Business became so slow that my husband sold his share of the business to his partner and went to Idaho Falls, Idaho and opened a Service Station and planned to open a resort area with cabins and a dance hall; but then came the depression and we quickly went broke. He then went back to the dry cleaning business in Pocatello, Idaho and went to work for Mr. Tolliver. Soon afterwards, he was transferred to Twin Falls, Idaho and we lived there about three months. We weren't happy in Twin Falls and my husband decided to move to California.
With our children, a dog (an Irish Setter named Rusty) and a bonus from the Army, we made the trip to California in a Model A Ford. We went to live with my husband's sister who had eight children. We couldn't easily find a place to live because nobody would rent to people with children. But I was homesick, my mother was growing old, and the children were unhappy. I decided to go back to Idaho. I got a little place and stayed in Rexburg for the summer months. The boys worked a little on the dry farms and with the help of the good people there, we stayed that summer.
In the fall, my husband rented a place in Hollywood and sent for us to come back; so we came back. Bishop Kirk was good to us and helped us out. Dad worked at the Sunset Cleaners.
While we were in Hollywood, Gary got spinal meningitis and wasn't expected to live. The Elders of the Church came in and administered to him and promised him that with faith he would get well. The Lord answered my prayers and Gary got well.
My husband was then offered a shop in Glendale, so we moved to Glendale and I helped in the shop. Don and Jay went into the service. Don was injured in the Army and received a Medical Discharge; Jay was in the Navy for three years.
I worked different places sewing to help keep the family together. Then the children started getting married. Betty was married first, then Don and then Lola.
My husband had a drinking problem, so we didn't get along very well together. As time went on things became worse, and by 1949 we agreed to disagree for reasons I don't care to mention at this time. However things may seem, "no evil thing is a success and no good thing is a failure."
I lived with my three sons in my home. Jay was very kind to me and took me on trips. The boys tried to beautify the home and make me happy. My dear brother Oscar and his wife were very kind to me and took me on trips also. I went to New Orleans, Canada and to the East. We had many happy times together, but on April 5, 1957 my dear brother Oscar passed away.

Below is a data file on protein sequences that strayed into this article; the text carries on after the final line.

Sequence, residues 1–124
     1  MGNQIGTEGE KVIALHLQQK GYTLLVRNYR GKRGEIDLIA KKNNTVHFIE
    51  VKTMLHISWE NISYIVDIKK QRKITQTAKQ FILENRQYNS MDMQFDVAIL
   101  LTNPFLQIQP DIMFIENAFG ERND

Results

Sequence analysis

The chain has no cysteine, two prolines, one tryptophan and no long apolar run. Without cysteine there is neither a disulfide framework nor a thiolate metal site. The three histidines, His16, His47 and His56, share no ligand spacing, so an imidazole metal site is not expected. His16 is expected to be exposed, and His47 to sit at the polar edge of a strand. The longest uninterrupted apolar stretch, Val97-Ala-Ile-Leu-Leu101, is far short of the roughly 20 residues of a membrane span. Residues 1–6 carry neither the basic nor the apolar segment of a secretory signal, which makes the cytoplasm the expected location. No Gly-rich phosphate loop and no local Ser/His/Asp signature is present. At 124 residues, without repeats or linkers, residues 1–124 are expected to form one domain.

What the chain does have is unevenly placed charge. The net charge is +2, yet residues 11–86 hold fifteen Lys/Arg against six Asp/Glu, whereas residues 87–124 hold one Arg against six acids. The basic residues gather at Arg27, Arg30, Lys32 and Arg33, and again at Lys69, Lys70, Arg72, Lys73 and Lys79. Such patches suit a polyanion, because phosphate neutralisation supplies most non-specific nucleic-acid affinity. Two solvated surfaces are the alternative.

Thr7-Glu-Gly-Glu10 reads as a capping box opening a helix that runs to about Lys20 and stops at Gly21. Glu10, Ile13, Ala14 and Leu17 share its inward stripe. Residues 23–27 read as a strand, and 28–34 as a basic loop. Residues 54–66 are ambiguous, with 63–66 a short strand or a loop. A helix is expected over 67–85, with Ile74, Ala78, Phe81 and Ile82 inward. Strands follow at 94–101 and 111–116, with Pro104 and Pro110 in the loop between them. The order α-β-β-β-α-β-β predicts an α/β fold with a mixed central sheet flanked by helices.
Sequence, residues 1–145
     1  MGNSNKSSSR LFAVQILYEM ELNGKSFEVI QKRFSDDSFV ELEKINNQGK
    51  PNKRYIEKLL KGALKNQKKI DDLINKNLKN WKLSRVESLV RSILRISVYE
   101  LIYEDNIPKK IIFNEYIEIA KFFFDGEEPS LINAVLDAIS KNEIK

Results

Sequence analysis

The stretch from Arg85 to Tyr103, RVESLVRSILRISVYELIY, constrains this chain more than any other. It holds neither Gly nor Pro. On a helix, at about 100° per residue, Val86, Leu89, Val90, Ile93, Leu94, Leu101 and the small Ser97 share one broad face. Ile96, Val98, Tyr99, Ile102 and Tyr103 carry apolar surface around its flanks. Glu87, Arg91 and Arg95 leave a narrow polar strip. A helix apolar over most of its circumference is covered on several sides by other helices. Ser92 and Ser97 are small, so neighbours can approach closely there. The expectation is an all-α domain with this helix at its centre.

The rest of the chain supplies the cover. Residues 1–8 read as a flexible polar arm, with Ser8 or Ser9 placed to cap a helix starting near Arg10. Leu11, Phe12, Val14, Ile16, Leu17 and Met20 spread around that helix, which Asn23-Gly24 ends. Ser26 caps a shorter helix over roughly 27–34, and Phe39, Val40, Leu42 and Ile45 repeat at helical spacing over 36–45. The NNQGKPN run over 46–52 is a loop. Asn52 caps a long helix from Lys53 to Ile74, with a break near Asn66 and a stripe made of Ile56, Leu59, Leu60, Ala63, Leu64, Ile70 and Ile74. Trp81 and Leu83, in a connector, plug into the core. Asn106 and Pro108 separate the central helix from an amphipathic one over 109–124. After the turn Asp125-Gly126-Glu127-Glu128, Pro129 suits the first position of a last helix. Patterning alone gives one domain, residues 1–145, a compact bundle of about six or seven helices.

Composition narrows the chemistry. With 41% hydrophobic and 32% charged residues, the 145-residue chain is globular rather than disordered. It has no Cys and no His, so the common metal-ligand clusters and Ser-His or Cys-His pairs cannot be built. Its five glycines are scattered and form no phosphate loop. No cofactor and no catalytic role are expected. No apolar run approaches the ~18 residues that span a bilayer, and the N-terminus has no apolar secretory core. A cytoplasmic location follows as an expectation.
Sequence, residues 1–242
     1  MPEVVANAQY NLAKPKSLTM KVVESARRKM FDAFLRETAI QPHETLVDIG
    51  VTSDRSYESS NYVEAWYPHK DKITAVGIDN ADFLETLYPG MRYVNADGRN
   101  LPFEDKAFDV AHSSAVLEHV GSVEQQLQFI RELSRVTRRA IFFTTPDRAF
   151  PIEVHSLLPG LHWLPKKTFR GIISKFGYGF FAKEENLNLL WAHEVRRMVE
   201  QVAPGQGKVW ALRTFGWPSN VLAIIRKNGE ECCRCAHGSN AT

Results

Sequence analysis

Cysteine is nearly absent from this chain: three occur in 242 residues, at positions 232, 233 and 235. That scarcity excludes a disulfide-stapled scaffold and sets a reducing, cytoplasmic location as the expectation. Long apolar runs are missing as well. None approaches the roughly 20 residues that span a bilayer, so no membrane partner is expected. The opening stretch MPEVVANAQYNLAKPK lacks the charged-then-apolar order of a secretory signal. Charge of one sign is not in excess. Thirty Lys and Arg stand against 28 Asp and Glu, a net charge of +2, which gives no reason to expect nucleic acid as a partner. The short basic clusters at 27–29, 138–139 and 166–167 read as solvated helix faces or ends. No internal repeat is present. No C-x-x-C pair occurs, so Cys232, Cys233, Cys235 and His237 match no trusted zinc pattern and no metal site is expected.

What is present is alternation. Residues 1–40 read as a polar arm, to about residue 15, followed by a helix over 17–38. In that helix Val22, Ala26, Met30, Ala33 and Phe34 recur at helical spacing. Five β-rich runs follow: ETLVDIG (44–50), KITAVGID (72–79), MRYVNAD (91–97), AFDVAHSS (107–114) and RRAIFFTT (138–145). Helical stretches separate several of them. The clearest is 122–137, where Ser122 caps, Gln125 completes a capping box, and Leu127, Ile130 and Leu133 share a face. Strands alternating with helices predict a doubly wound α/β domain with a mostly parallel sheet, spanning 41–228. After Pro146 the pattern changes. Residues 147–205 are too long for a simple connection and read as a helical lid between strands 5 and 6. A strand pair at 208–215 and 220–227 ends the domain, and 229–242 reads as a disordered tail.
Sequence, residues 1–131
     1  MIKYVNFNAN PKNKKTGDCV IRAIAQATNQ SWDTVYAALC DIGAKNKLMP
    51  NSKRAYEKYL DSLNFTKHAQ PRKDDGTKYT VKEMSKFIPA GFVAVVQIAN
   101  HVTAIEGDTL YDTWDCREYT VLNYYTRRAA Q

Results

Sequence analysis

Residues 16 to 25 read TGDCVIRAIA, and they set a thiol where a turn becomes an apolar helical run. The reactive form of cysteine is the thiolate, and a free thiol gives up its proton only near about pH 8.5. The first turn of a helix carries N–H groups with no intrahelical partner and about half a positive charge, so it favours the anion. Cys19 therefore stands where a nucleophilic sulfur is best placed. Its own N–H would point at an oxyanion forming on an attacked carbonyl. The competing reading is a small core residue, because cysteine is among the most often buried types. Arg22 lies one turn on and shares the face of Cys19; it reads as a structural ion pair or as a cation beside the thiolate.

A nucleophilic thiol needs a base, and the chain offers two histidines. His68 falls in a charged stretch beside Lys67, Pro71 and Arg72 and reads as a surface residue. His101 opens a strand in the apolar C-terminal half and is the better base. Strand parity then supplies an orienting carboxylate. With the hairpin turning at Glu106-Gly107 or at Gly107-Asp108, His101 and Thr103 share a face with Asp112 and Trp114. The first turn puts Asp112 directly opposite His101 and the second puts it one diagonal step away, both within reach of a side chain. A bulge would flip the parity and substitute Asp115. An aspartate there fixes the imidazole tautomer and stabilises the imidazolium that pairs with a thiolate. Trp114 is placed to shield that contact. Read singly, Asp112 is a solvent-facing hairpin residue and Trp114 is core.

Then Nyle married and Gary was married soon after that and Jay and I carried on for eight years alone. Jay hated to leave me and was so sweet to me, but I told him that I wanted him to have a wife before I died, so he got married.
I live alone now in a small apartment, but visit my children often. My church is near and I enjoy being Visiting Teacher and sing in the Choir. Occasionally I do Temple Work and Praise the Lord in all things.
October 1st of this year, I was late leaving the house for work and tried to run to catch the bus. Passing a building in construction, I turned my ankle on debris strewn over the sidewalk and fell to the ground, breaking my right wrist, resulting in a compound fracture. Both knees were injured. I was unable to get up. No one in sight to help me, but I remembered my mother's words "People pray when they are in trouble." So I prayed to the Lord and ask for help. I had no sooner finished when I found myself on my feet, carrying a heavy coat a sewing basket and my handbag. These were all articles I had been taking to use in my work. They were all being supported on my left shoulder. I know that it was not through my own power that I managed to return to my apartment.
My very good neighbor Elsie Daniels came running to my rescue and called my son Don who took me to the doctor. This experience strengthens my testimony to know that God Lives, hears and answers prayers.
I have been sewing and doing alterations for the past fourteen years, and presently work in my son Don's Cleaning shop. When I am alone I repeat the 23rd Psalm, which gives me great comfort.
"The Lord is my Shepherd; I shall not want. He maketh me to lie down in green pastures; he leadeth me beside the still waters. He restoreth my soul; he leadeth me in the paths of righteousness for his name's sake. Yea, though I walk through the Valley of the Shadow of death, I will fear no evil; for thou art with me; thou anointest my head with oil; my cup runneth over. Surely goodness and mercy shall follow me all the days of my life; and I will dwell in the house of the Lord forever."
Once a year I take trips to Idaho and visit my cousins and friends. In 1962, I went to a family reunion of my cousins and relatives. There was a group of two hundred relatives and another group of three hundred. I also put markers on all my brothers and sisters graves. I am now the only one living of nine in my family and I will be in my 70th year in April. I hope to add a few more pages to my life history in the future. I will leave with you a mother's blessing and say to you "seek first the kingdom of heaven that all joys may be yours."